2In section 204(1) of the [1955 c. 18.] Army Act 1955 (officers entitled to take affidavits and declarations outside the United Kingdom) after the words “the legal” there shall be inserted the words “services branch of any”.

Enlistment in the Royal Air Force

3For section 3 of the [1955 c. 19.] Air Force Act 1955 (enlistment for general or corps service) there shall be substituted the following section—

3Enlistment for general service

Recruits shall be enlisted for general service.

Suspension of sentences

4(1)In section 120 of each of the 1955 Acts (suspension of sentences of imprisonment and detention)—

(a)in subsection (2), for the words from the beginning to “officer” there shall be substituted the “On passing such a sentence, the court”;

(b)for subsection (3) there shall be substituted the following subsection—

(3)On the review of a sentence which is not for the time being suspended, the reviewing authority may order that the balance of the sentence be suspended.; and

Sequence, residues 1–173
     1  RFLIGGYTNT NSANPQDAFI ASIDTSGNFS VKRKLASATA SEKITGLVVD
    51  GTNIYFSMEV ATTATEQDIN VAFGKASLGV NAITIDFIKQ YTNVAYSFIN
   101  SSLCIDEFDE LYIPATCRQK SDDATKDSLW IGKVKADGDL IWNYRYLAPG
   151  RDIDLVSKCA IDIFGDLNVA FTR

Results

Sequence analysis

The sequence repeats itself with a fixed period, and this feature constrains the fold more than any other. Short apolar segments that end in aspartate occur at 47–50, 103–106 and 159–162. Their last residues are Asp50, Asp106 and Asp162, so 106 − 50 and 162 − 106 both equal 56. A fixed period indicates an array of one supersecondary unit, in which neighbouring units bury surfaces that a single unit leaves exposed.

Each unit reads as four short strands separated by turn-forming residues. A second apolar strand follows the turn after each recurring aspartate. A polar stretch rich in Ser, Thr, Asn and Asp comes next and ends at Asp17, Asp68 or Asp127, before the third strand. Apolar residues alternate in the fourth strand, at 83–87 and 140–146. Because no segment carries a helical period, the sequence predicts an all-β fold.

(c)in subsection (5)(c), for the words from “neither” to “said powers” there shall be substituted the words “the court does not exercise the powers conferred by paragraph (a) above”.

(2)In section 118 (commencement of sentences of imprisonment and detention), in the proviso to subsection (2), for the words “the confirming officer” there shall be substituted the words “a court-martial”.

Remission of sentences

5In section 122 of each of the 1955 Acts (Imprisonment and Detention Rules), in subsection (1)(e) (rules about remission of part of sentences), the words “for good conduct and industry” shall cease to have effect.

6In section 82 of the 1957 Act (Naval Detention Quarters Rules), in subsection (1)(d) (rules about remission of part of sentences), the words “for good conduct and industry” shall cease to have effect.

Reviews

7In Schedule 5A to each of the 1955 Acts (powers of court on trial of civilians), in paragraph 13(3), for the words “section 108” in both places they appear there shall be substituted the words “section 113”.

8In Schedule 4A to the 1957 Act (powers of court on trial of civilians), in paragraph 13(3), for the words “section 70(2)” there shall be substituted the words “section 70(1)”.

9In Schedule 3 to the [1976 c. 52.] Armed Forces Act 1976 (Standing Civilian Courts)—